As you may know, HubSpot recently published their 7th annual State of Inbound report. They surveyed 3957 sales and marketing professionals from 150 countries and compiled their responses into meaningful, digestible, intuitive data narratives and graphics. Lucky us.
Though the report is chock-full of useful information (get it for yourself here), I've summarized the takeaways that (figuratively) punched me in the face. (All data and images below taken directly from the State of Inbound.) Here they are:
1. Bigger companies still use as much outbound as inbound marketing. (Some of us call this combination "Omnibound™" marketing.) In fact, companies with 200 or more employees use outbound about 4 times more than companies with 25 or fewer employees.
2. In the B2B world, top marketing priorities are (in order):
- increasing the number of leads
- converting leads to customers
- proving ROI
- reducing costs of contact acquisition
In the B2C world, nearly 50% of marketers also want to increase revenue derived from existing customers. Question - why isn't this a priority in the B2B world? Shouldn't it be?
3. Marketers who check their metrics three times a week or more are 20% more likely to be successful - and to see an increase in ROI.
4. The "best in class" marketers are using marketing automation software at a higher rate than their mediocre counterparts. "Best in class" is defined here as marketers who saw an ROI increase over the past year.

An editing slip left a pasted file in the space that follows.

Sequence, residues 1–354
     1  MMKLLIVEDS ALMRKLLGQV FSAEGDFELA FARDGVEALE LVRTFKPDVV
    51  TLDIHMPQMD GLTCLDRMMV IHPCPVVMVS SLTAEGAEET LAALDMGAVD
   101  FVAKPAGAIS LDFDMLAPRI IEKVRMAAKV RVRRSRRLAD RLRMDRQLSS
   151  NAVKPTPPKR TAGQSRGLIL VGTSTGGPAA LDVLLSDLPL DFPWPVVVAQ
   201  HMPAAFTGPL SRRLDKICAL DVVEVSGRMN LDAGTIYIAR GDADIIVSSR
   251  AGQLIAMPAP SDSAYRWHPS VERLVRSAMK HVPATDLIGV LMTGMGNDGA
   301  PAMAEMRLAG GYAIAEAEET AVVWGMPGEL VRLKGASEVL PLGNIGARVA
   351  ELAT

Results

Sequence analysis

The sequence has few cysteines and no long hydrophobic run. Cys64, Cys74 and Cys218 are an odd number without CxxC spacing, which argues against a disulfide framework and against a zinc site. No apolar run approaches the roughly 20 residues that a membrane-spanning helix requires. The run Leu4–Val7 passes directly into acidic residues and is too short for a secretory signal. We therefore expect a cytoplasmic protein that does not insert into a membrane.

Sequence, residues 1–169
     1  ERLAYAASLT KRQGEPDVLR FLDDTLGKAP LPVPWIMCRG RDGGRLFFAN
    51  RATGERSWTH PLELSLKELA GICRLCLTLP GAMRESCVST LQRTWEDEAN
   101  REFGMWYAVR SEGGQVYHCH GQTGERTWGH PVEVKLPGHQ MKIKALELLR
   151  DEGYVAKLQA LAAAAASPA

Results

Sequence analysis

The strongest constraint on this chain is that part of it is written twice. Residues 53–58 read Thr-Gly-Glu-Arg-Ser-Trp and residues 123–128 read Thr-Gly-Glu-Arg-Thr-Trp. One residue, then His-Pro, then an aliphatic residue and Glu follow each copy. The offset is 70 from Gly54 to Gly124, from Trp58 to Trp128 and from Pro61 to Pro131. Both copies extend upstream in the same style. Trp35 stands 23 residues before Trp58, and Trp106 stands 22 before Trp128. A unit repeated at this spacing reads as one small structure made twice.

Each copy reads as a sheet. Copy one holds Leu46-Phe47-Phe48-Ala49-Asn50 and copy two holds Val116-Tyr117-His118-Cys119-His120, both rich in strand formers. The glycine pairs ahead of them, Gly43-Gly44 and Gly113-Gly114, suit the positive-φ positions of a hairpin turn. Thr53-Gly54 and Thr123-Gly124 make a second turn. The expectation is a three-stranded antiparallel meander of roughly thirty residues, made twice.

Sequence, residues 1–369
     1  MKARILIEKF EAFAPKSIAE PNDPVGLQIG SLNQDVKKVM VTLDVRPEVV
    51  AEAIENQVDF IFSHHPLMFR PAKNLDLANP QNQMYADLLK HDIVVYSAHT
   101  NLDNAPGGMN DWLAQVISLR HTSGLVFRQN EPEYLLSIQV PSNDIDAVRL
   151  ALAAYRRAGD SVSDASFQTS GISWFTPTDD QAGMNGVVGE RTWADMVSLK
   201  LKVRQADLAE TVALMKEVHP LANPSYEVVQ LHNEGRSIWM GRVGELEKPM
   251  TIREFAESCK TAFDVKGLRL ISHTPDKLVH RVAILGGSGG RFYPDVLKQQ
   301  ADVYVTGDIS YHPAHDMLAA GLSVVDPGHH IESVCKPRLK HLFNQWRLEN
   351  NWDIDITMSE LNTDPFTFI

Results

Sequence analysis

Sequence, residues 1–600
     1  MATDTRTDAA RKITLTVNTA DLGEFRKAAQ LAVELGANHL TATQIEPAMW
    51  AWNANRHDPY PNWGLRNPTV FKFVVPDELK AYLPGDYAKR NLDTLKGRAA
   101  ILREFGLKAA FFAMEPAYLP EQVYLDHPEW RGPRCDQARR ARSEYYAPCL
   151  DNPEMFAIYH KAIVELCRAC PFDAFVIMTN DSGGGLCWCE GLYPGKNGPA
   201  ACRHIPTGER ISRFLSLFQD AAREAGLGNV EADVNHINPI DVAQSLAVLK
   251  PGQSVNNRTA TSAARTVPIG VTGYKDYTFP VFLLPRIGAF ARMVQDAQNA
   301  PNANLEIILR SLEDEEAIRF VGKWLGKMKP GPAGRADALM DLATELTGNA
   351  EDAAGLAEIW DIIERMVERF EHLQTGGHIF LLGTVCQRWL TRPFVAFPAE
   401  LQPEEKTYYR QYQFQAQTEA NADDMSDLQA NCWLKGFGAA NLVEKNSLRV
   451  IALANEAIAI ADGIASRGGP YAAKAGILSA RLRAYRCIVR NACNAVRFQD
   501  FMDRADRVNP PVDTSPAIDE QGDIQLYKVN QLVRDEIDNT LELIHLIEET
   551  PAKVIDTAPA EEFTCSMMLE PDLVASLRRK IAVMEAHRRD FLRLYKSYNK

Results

5. Unsuccessful, meaning stagnant or decreasing-in-size, sales teams are more than twice as likely as their successful (i.e., growing) counterparts to use informal data management and storage. Think Excel, Outlook or paper files. Yikes.
6. Sales teams say their biggest CRM challenges are (in order) manual data entry, lack of integration, difficulty in tracking sales funnel, poor levels of adoption and bad data.
So, what does all of this mean? It means that inbound rocks, inbound and outbound are both still in use (Omnibound!) and some people are still keeping their sales data in filing cabinets. Don't keep your sales data in filing cabinets. Also - why aren't B2B professionals prioritizing increasing revenue coming from existing customers? If your best client buys 100 widgets per week, who's to say they won't buy 150 per week next year?
Did you read the report? Let us know what takeaways punched you in the face. Have questions? Contact us anytime or leave a comment.